“This pathway for sorghum oil reaches far beyond the farmer,” said Tom Willis, NSP board director and CEO of Conestoga Energy. “This is an avenue for creating jobs in rural America we so desperately need, and it helps provide energy security from a renewable water-conserving source.”

NSP Vice Chairman and Legislative Committee Chairman Dan Atkisson, a Stockton, Kansas, producer, said, “Kansas is the largest sorghum producer in the country, producing half the sorghum in the United States. Within the borders of Kansas, we have 10 ethanol plants. The approval of today’s pathway is critical to allowing those plants to utilize sorghum, but to pay more for our crop. This adds value to us at the farmgate.”

NSP board member Bobby Nedbalek, a Sinton, Texas, producer, said, “The infrastructure of agriculture needs a boost like this to stay healthy. Any farm community that grows grain sorghum will be better off because of the action of EPA today.”

Kody Carson, an Olton, Texas, producer and NSP board member, said, “I farm on top of the Ogallala Aquifer, which is declining and isn’t being refilled. We want to be sustainable. We want to be good stewards of the land and pass the land on. Sorghum provides a low carbon footprint. It’s good for the soil and good for water conservation. You’ve given us a step to be a better part in carrying the torch forward.”

Larry Dreiling can be reached at 785-628-1117 or [email protected].

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How it works

In December 2017, the Environmental Protection Agency released a notice of proposed rulemaking concerning renewable fuels produced from sorghum oil under the Renewable Fuel Standard program followed by a 30-day comment period. EPA’s analysis showed biodiesel produced from sorghum oil has greenhouse gas emissions savings of 82 percent. This will give ethanol plants extracting oil from sorghum access to sell into the biodiesel market.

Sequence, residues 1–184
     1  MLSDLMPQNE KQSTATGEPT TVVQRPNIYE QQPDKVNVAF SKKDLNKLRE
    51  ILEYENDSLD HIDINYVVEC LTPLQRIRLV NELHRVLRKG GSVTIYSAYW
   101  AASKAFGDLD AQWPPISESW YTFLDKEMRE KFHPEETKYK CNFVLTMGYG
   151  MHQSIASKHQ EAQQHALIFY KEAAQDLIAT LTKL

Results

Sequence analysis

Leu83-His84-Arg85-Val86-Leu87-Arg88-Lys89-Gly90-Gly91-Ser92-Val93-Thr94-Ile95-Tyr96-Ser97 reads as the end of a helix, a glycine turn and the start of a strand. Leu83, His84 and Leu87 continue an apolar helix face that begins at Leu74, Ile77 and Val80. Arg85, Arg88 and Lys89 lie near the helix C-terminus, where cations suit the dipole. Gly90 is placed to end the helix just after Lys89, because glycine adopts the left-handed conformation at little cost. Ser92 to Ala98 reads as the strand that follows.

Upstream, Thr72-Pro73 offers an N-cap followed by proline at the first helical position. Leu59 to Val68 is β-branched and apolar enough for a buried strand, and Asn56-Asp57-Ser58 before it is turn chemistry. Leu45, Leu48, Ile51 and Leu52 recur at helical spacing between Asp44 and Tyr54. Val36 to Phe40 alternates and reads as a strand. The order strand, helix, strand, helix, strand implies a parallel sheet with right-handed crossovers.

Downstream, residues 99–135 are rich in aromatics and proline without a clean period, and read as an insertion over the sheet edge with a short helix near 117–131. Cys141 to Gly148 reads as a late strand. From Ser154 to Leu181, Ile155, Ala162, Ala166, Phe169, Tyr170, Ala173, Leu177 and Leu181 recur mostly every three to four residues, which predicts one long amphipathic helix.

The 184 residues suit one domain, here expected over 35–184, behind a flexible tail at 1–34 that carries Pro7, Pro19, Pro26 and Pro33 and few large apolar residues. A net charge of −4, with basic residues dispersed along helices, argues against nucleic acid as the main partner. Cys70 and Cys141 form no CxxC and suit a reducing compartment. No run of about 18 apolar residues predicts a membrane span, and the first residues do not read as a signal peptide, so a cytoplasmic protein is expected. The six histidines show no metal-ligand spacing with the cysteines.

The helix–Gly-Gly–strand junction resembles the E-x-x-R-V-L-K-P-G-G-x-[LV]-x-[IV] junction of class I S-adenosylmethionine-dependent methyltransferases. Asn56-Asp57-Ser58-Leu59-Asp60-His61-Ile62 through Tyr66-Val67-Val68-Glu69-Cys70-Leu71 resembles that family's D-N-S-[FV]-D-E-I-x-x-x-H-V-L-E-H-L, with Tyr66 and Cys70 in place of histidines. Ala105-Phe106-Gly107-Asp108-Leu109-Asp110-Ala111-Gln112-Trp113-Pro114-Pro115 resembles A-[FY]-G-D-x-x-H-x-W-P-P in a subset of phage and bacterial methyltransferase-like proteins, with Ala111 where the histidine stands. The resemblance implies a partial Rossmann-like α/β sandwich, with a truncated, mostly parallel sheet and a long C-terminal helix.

The newly approved pathways include biodiesel, heating oil, jet fuel and liquefied petroleum gas produced from sorghum oil, a by-product of ethanol produced from using grain sorghum as a primary feedstock. These pathways meet the greenhouse gas emissions reductions requirements to qualify to generate credits or Renewable Identification Numbers for biomass-based diesel and advanced biofuels under the RFS program.

In addition to the nine ethanol producers already extracting oil from sorghum, several other facilities will now be able to purchase and use sorghum. The pathway also makes possible additional investments in fuel infrastructure in the Sorghum Belt.

This new feedstock is estimated to produce around 21 million gallons providing flexibility in meeting volume standards of the RFS program. It also adds diversity to the biofuel mix in the country.

“While we don’t have growers here from Missouri, or Colorado, or South Dakota, we used to have ethanol plants in those states that used to use sorghum and they quit because they couldn’t sell their oil into biodiesel and be viable and economically, it wasn’t worth it,” National Sorghum Producers CEO Tim Lust said. “This ruling will allow those plants to come back into the sorghum market. As we look at lack of movement into the export markets, our biofuel industry becomes that much more critical. We appreciate what this means as we head into the fall harvest.

“This is also a win-win for the environment, as sorghum is a water sipping crop, very environmentally friendly. Certainly an opportunity to produce more advanced biofuels from a crop such as sorghum is something EPA and our industry can be proud of.”

Lust then thanked all those present, along with members of Congress from throughout the Sorghum Belt.

“We also extend our thanks to ethanol trade groups and numerous ethanol plants, fuel marketers and technology providers,” Lust said. This wide swath of support was key to this effort, and we sincerely appreciate the leadership of each one.”

The RFS program was created by Congress as a national policy to increase volumes of renewable fuel to replace or reduce the consumption of petroleum-based transportation fuel, heating oil or jet fuel. EPA implements the program in consultation with U.S. Department of Agriculture and the U.S. Department of Energy.